Joining a long list of thought-provoking books presented to first year students at Washington University is this year’s selection, Ta-Nehisi Coates’ “Between the World and Me.”
As part of the year-long plan designed to enhance the reading experience, social justice champion Brittany Packnett addressed the issues raised in the book for the Assembly Series. Her talk, “Between the World and You: Our Duty to Fight for Freedom,” was at 7 p.m. Monday, September 26 in College Hall, located on the residential side of the Danforth Campus.
Written as an extended letter to his son, Coates tries to make sense of the unique set of cultural conditions — the often agonizing situations — facing African-Americans, especially young men. The book, which was Inspired by James Baldwin’s 1963 classic, “The Fire Next Time” and fueled by recent controversies surrounding police bias and violence towards black males, won the National Book Award for Nonfiction in 2015 and was short-listed for the 2016 Pulitzer Prize.
Originally hailing from Ferguson, Mo, Packnett received her undergraduate degree from Washington University and her graduate degree from American University before beginning her career at Teach For America (TFA) as executive director for St. Louis. She is now the organization’s newly appointed vice president of National Community Alliances, a position seemingly made for her, as Packnett learned about the importance of alliances at ground zero in Ferguson two years ago when Michael Brown was shot and killed by a police officer. This was also ground zero for the Black Lives Matter movement, where she honed her leadership skills in community service. This work led to membership on the Ferguson Commission, in turn bringing her to the attention of President Barack Obama, who appointed Packnett to his 21st Century Policing Task Force.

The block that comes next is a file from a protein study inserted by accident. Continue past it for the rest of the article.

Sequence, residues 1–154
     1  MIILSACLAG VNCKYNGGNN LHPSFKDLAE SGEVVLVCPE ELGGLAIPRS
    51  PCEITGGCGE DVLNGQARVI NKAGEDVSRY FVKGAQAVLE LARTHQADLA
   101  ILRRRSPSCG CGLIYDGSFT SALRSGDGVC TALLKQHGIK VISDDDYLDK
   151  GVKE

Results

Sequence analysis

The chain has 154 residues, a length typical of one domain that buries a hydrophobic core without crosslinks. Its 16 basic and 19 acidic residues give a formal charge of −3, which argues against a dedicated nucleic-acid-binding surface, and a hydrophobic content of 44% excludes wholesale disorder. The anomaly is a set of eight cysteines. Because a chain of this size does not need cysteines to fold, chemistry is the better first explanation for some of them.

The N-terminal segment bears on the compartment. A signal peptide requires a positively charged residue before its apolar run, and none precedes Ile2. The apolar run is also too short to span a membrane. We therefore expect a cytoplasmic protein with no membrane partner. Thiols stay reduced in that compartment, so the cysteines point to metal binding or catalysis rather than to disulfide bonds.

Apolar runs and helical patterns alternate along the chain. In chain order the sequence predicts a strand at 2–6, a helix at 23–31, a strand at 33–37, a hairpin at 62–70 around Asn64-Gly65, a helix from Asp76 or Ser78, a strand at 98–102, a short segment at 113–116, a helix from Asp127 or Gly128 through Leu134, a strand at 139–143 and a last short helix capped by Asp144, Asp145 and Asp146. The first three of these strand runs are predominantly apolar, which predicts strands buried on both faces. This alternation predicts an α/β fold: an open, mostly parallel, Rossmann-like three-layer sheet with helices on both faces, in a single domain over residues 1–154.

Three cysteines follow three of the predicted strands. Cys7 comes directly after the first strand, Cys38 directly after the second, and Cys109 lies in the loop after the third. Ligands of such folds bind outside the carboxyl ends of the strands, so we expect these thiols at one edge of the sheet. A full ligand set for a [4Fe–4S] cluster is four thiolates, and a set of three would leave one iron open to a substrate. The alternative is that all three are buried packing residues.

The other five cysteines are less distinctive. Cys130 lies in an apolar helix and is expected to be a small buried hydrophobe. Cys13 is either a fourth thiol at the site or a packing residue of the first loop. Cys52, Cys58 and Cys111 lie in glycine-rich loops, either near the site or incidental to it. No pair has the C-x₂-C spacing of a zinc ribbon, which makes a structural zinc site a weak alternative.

As someone with a deep understanding of the underlying and complex set of forces driving the current state of unrest, and as an African American woman raised in St. Louis, Packnett introduced critical insights into the collective discussion of Coates’ poignant personal struggle brought to life in “Between the World and Me.” She will then be joined on stage by members of the WashU community to generate a dialogue surrounding the book’s themes.
In 2015 Packnett was recognized as one of TIME Magazine’s “12 New Faces of Black Leadership,” an honor that helped introduce her to the national news media. That same year, Packnett helped launch two social justice organizations: We the Protesters, and Campaign Zero.
Find more information regarding the First Year reading selection
“Between the World and Me” is available at the Campus store